# A Mathematical Theory of Communication

INFORMATION

SOURCE

TRANSMITTER

RECEIVER

DESTINATION

SIGNAL

RECEIVED

SIGNAL

MESSAGE

MESSAGE

NOISE

SOURCE

Fig. 1 â€" Schematic diagram of a general communication system.

a decimal digit is about 3 3 bits. A digit wheel on a desk computing machine has ten stable positions and

therefore has a storage capacity of one decimal digit. In analytical work where integration and differentiation

are involved the base e is sometimes useful. The resulting units of information will be called natural units.

Change from the base a to base b merely requires multiplication by logb a.

By a communication system we will mean a system of the type indicated schematically in Fig. 1. It

consists of essentially ï¬ve parts:

1. An information source which produces a message or sequence of messages to be communicated to the

receiving terminal. The message may be of various types: (a) A sequence of letters as in a telegraph

of teletype system; (b) A single function of time f (t) as in radio or telephony; (c) A function of

time and other variables as in black and white television â€" here the message may be thought of as a

function f (x; y; t) of two space coordinates and time, the light intensity at point (x; y) and time t on a

pickup tube plate; (d) Two or more functions of time, say f (t), g(t), h(t) â€" this is the case in â€œthree-

dimensionalâ€ sound transmission or if the system is intended to service several individual channels in

multiplex; (e) Several functions of several variables â€" in color television the message consists of three

functions f (x; y; t), g(x; y; t), h(x; y; t) deï¬ned in a three-dimensional continuum â€" we may also think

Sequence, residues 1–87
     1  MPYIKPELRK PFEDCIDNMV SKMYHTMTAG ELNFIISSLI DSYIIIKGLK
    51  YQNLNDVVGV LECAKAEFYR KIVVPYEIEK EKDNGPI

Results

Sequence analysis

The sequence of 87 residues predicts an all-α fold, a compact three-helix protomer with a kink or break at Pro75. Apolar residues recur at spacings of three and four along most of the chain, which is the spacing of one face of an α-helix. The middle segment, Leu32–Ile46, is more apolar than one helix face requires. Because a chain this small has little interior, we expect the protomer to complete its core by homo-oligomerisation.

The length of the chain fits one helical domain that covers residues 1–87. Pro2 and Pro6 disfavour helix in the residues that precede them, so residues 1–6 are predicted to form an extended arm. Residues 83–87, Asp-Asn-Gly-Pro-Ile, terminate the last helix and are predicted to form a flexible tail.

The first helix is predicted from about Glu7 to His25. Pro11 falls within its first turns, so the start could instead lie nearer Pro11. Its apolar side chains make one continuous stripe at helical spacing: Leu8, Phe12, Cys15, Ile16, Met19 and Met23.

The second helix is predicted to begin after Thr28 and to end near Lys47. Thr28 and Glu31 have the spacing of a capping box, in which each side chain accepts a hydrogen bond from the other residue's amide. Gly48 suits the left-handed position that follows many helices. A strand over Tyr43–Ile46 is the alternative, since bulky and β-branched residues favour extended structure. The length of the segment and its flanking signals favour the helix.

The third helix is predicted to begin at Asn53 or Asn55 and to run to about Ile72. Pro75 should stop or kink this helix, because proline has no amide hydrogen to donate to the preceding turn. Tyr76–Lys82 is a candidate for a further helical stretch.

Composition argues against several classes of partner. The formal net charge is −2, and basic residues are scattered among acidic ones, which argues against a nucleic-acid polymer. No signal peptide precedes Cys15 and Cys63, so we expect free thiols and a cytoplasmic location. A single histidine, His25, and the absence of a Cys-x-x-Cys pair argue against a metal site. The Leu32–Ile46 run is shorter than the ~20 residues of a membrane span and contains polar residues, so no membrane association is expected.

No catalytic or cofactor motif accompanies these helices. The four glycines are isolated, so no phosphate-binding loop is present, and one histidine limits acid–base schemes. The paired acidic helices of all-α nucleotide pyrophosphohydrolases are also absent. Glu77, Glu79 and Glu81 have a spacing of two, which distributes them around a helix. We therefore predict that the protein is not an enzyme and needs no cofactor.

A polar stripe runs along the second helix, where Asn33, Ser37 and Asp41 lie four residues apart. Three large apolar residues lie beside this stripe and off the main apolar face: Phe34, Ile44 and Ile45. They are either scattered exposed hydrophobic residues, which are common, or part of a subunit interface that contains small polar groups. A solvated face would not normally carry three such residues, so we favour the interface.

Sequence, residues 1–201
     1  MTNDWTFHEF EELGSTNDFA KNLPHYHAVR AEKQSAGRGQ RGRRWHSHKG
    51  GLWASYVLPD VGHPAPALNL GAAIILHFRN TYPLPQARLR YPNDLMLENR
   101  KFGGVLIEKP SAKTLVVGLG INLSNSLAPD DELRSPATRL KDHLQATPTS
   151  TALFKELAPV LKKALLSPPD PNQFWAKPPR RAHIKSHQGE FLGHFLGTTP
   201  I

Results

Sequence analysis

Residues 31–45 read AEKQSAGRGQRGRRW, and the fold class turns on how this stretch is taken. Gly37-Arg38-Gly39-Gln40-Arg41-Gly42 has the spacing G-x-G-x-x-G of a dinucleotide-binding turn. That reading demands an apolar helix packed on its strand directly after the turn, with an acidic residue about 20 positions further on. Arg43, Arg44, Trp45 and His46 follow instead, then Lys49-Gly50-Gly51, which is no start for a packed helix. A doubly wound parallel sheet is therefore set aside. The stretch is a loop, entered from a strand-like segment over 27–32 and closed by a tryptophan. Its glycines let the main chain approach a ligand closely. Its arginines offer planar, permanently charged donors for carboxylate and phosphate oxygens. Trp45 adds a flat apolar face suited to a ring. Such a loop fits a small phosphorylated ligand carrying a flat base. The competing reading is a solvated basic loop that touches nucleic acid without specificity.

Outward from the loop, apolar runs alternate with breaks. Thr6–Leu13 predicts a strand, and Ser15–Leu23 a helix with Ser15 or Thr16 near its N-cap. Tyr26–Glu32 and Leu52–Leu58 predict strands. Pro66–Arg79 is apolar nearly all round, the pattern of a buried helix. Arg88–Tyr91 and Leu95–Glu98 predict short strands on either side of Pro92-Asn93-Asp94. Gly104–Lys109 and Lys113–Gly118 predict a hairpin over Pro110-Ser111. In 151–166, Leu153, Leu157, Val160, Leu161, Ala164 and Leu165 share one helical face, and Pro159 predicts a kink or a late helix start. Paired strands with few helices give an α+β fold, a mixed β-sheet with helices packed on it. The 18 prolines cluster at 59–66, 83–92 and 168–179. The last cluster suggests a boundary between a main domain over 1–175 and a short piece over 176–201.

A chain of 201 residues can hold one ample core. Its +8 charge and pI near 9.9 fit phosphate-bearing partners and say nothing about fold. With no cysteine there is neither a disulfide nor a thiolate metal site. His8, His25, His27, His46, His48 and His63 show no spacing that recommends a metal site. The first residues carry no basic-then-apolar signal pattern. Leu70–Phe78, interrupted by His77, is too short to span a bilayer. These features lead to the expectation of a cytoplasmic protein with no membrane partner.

of these three functions as components of a vector ï¬eld deï¬ned in the region â€" similarly, several

black and white television sources would produce â€œmessagesâ€ consisting of a number of functions

of three variables; (f) Various combinations also occur, for example in television with an associated

audio channel.

2. A transmitter which operates on the message in some way to produce a signal suitable for trans-

mission over the channel. In telephony this operation consists merely of changing sound pressure

into a proportional electrical current. In telegraphy we have an encoding operation which produces

a sequence of dots, dashes and spaces on the channel corresponding to the message. In a multiplex

PCM system the different speech functions must be sampled, compressed, quantized and encoded,

and ï¬nally interleaved properly to construct the signal. Vocoder systems, television and frequency

modulation are other examples of complex operations applied to the message to obtain the signal.

3. The channel is merely the medium used to transmit the signal from transmitter to receiver. It may be

a pair of wires, a coaxial cable, a band of radio frequencies, a beam of light, etc.

4. The receiver ordinarily performs the inverse operation of that done by the transmitter, reconstructing

the message from the signal.

5. The destination is the person (or thing) for whom the message is intended.

We wish to consider certain general problems involving communication systems. To do this it is ï¬rst

necessary to represent the various elements involved as mathematical entities, suitably idealized from their

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